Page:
02:12 - Source: CNN
See how whistleblower complaint led to baby formula shortage
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As a nationwide baby formula shortage continues, the federal government says it plans to continue to allow families who use nutrition benefits to afford baby formula to have an expanded range of options when they go to the grocery store.

Families who buy formula through the Special Supplemental Nutrition Program for Women Infants and Children, or WIC, will now be able to buy substitutes for their regular formula through December 31, or for 60 days after their state’s emergency declaration ends, whichever is earliest, according to statement from the United States Department of Agriculture. That flexibility had been set to expire at the end of September.

About half of all baby formula sold in in the United States is purchased with WIC benefits.

The extension of these flexibilities is an acknowledgement that some families are still having trouble finding the brands and sizes their benefits allow them to buy more than six months into the shortage.

After a nationwide recall of baby formula and the subsequent shut down of a major manufacturing plant triggered a severe shortage in February, the United States Department of Agriculture issued a series of waivers so that families who buy baby formula with government assistance could get a wider range of sizes and brands with their benefits.

Abbott Nutrition, the manufacturer at the heart of the shortage, also pledged to cover the cost for families who needed to buy alternative formulas. Abbott hold the contracts to supply baby formula to WIC programs in 40 US states and territories.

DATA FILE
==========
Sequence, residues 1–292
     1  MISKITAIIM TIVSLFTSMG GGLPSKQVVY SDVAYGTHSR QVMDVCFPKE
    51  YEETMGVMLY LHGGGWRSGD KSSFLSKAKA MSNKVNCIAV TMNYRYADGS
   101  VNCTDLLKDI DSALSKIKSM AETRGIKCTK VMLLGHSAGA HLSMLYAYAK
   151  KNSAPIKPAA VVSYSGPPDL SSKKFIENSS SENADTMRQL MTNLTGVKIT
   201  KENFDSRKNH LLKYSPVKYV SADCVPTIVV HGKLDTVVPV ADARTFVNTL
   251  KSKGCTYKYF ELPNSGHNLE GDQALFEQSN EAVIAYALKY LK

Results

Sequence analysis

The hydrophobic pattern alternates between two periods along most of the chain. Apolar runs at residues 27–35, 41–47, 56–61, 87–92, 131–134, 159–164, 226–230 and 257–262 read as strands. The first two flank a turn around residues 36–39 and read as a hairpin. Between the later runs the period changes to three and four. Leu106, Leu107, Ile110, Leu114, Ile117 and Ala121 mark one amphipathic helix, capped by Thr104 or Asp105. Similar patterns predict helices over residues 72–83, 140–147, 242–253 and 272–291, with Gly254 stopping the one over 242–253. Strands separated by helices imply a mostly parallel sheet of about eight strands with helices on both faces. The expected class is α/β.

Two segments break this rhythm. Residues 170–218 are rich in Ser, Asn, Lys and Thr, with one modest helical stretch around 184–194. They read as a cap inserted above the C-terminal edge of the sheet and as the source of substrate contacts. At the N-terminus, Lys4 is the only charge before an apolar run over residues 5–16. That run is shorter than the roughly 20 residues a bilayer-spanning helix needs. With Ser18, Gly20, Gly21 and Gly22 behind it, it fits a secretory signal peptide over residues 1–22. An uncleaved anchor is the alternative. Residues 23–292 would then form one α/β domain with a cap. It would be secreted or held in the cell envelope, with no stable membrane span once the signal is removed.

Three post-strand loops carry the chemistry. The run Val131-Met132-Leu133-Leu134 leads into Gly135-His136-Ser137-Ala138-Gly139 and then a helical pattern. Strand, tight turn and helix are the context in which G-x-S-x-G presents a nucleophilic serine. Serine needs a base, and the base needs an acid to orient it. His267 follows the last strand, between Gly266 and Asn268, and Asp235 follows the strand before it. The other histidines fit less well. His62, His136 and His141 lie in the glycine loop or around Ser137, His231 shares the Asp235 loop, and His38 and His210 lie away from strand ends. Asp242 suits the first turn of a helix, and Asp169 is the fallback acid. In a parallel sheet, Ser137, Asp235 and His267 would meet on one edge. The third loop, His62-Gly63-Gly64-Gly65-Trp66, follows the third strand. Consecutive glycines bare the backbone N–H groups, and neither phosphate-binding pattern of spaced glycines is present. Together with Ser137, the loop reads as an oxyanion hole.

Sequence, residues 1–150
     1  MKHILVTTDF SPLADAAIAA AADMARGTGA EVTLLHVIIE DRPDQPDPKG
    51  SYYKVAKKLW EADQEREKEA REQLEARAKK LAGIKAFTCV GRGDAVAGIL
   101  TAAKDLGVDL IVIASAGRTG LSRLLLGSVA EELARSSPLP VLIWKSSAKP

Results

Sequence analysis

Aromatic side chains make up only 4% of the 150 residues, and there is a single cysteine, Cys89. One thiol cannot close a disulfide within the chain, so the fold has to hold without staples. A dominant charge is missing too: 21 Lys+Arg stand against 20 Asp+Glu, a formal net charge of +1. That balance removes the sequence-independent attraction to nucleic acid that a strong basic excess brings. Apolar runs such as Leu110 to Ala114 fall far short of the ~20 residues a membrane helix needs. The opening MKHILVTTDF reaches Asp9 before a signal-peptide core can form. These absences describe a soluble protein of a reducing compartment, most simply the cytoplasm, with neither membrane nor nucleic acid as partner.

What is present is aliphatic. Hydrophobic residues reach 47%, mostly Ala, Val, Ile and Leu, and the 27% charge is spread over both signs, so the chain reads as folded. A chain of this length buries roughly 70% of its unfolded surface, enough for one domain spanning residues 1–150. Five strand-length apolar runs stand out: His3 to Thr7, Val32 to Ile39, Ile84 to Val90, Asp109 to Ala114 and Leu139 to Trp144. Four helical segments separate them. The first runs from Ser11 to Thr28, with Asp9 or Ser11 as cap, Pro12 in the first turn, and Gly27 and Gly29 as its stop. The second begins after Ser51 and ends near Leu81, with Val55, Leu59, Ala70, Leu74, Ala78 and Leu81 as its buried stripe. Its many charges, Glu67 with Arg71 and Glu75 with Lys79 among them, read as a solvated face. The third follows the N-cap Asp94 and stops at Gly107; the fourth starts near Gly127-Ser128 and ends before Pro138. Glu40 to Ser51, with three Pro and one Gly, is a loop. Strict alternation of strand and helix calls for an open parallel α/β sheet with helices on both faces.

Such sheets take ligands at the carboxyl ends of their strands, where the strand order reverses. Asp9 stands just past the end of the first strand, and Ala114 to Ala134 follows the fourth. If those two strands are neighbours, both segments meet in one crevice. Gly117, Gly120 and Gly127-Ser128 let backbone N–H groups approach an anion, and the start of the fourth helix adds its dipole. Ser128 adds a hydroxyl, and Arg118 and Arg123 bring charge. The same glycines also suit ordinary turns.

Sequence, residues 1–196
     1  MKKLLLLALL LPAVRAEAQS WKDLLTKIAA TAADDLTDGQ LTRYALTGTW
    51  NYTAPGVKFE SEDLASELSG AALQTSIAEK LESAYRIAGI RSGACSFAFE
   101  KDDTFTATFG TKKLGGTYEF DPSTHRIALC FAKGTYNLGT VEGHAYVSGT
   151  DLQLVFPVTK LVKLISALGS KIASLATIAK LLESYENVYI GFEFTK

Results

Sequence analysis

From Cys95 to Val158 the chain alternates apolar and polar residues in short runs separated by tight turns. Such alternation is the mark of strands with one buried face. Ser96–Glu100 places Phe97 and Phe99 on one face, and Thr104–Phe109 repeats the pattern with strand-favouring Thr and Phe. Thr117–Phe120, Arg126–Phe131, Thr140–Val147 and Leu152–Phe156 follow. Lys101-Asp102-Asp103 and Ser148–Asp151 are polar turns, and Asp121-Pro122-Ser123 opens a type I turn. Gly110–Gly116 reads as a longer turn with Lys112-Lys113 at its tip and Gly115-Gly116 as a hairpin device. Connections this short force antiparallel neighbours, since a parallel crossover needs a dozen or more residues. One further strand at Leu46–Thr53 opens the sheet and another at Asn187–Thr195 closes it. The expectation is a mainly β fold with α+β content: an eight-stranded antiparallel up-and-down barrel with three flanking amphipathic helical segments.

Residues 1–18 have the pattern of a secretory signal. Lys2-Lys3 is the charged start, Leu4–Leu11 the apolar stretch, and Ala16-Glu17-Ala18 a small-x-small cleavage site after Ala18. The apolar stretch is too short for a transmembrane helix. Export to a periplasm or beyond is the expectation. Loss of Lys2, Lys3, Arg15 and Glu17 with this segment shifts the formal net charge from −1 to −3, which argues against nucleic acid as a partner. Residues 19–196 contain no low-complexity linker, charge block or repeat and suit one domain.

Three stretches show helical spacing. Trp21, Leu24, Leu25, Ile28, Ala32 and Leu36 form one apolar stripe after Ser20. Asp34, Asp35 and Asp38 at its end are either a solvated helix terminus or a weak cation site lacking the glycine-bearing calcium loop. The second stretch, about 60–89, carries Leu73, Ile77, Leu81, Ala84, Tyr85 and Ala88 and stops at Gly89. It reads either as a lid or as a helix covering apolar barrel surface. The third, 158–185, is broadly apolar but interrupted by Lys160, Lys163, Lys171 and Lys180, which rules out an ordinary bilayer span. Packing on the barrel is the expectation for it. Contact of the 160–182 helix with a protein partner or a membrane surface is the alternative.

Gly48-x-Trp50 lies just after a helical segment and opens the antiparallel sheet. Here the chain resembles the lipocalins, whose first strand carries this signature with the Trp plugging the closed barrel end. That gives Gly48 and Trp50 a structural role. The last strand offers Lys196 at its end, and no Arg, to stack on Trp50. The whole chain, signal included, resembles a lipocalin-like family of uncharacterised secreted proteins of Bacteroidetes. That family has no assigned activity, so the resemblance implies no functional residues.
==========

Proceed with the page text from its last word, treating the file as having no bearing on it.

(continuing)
These additional flexibilities were initially available through the end of August, but subsequently extended until the end of September, and will now be available from the federal government through the end of the year. Abbott now says it will continue to reimburse states to cover the cost for purchasing alternative brands through October 31, according to Abbott spokesperson John Koval.

Department of Agriculture Secretary Tom Vilsack in a news release the agency “recognizes the flexibilities provided by these waivers remain necessary as we continue to pull every lever to address infant formula supply issues and provide certainty for families.

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“We will continue to work all hands on deck to ensure families can access infant formula, as part of the Biden-Harris Administration’s whole-of-government approach to get more safe formula on store shelves nationwide.”

The USDA’s planned December 31 expiration date will provide state agencies with continued flexibility while the nationwide supply of infant formula recovers, according to the news release.

Brian Dittmeier, senior director of public policy with the National WIC Association, praised the move and urged formula manufacturers to fully match the USDA’s extension.

“USDA’s steps to provide States with longer-term clarity must be matched by clear commitments from infant formula manufacturers to ensure that WIC families will have continued access to additional options until supply of contract formulas and consumer confidence in those products are restored,” Dittmeier said. The association “will continue to work with USDA, the manufacturing sector, retailers and other vital stakeholders to both shore up supply and take the comprehensive steps needed to build a more resilient infant feeding sector.”